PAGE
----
<br>The exterior of the church contains a few tombstones that remain in their original positions. The vast majority of the gravestones have now been repositioned and laid to the ground forming the footpaths immediately in front of the church. In 2009 a research project recorded the inscriptions on the remaining tombs and gravestones.  
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The exterior of the church contains a few tombstones that remain in their original positions. The vast majority of the gravestones have now been repositioned and laid to the ground forming the footpaths immediately in front of the church. In 2009 a research project recorded the inscriptions on the remaining tombs and gravestones.  
  
[[Image:St John East Ruins Chester contributor David Dixon.jpg|thumb|center]]  
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[[Image:St John East Ruins Chester contributor David Dixon.jpg|thumb|center|St John East Ruins Chester contributor David Dixon.jpg]]  
  
 
<br>  
 
<br>  
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==== Church records  ====
 
==== Church records  ====
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Chester St. John the Baptist parish registers&nbsp;of christenings, marriages and burials have been indexed by the following groups:  
 
Chester St. John the Baptist parish registers&nbsp;of christenings, marriages and burials have been indexed by the following groups:  
  
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{| height="118" width="600" cellspacing="1" cellpadding="1" border="5" align="center"
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{| width="600" cellspacing="1" cellpadding="1" border="5" align="center"
 
|-
 
|-
| bgcolor="#ffffcc" align="center" colspan="7" scope="col" | '''Chester St. John the Baptist Parish Online Records'''
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| bgcolor="#ffffcc" align="center" scope="col" colspan="7" | '''Chester St. John the Baptist Parish Online Records'''
 
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| bgcolor="#ffffcc" | <br>  
 
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| bgcolor="#ffffcc" | '''FS BT'S'''  
 
| bgcolor="#ffffcc" | '''FS BT'S'''  
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| bgcolor="#ffcccc" | &nbsp; NONE<br>  
 
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To find the names of the neighbouring parishes, use [http://maps.familysearch.org/ England Jurisdictions 1851]. In this site, search for the name of the parish, click on the location "pin", click Options and click List contiguous parishes.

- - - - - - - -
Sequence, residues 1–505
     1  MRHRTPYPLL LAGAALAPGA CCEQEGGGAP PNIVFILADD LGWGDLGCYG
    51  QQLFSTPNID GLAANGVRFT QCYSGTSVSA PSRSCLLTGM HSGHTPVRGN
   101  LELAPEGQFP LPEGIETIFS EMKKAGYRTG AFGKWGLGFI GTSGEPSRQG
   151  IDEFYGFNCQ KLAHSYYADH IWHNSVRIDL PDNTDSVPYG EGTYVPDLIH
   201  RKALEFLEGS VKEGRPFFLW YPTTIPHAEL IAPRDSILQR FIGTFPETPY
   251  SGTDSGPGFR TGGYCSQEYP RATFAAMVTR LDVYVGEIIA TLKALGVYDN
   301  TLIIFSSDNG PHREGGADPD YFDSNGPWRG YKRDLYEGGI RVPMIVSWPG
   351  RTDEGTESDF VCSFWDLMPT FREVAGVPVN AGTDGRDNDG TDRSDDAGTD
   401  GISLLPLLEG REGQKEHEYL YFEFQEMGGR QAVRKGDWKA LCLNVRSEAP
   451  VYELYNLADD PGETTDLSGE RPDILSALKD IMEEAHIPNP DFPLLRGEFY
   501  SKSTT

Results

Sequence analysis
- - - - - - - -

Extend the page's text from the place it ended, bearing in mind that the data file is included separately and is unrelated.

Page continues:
To find the names of the neighbouring parishes, use [http://maps.familysearch.org/ England Jurisdictions 1851]. In this site, search for the name of the parish, click on the location "pin", click Options and click List contiguous parishes.  
  
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===== Non-Conformist Churches =====
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===== Non-Conformist Churches =====
  
 
==== Census records  ====
 
==== Census records  ====
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== Web sites  ==
 
== Web sites  ==
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== References ==
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{{reflist}}
  
 
{{expand section|any additional relevant sites that aren't mentioned above}}  
 
{{expand section|any additional relevant sites that aren't mentioned above}}  
  
 
[[Category:Cheshire]]
 
[[Category:Cheshire]]

Revision as of 15:21, 19 March 2013

England Gotoarrow.png CheshireGotoarrow.png Cheshire Parishes Gotoarrow.png Chester St John the Baptist
St John Church Chester.jpg

Parish History

In 1870 - CHESTER, a city and two sub-districts in Great Boughton district, Cheshire; and a diocese in Cheshire and part of Lancashire. The city stands on the river Dee and on the Via Devana, 5 miles SE of the head of the Dee's estuary, and 16, through Birkenhead, SSE of Liverpool.
The places of worship within the city, in 1851, were 15 of the Church of England; one of them was St. John the Baptist.[1]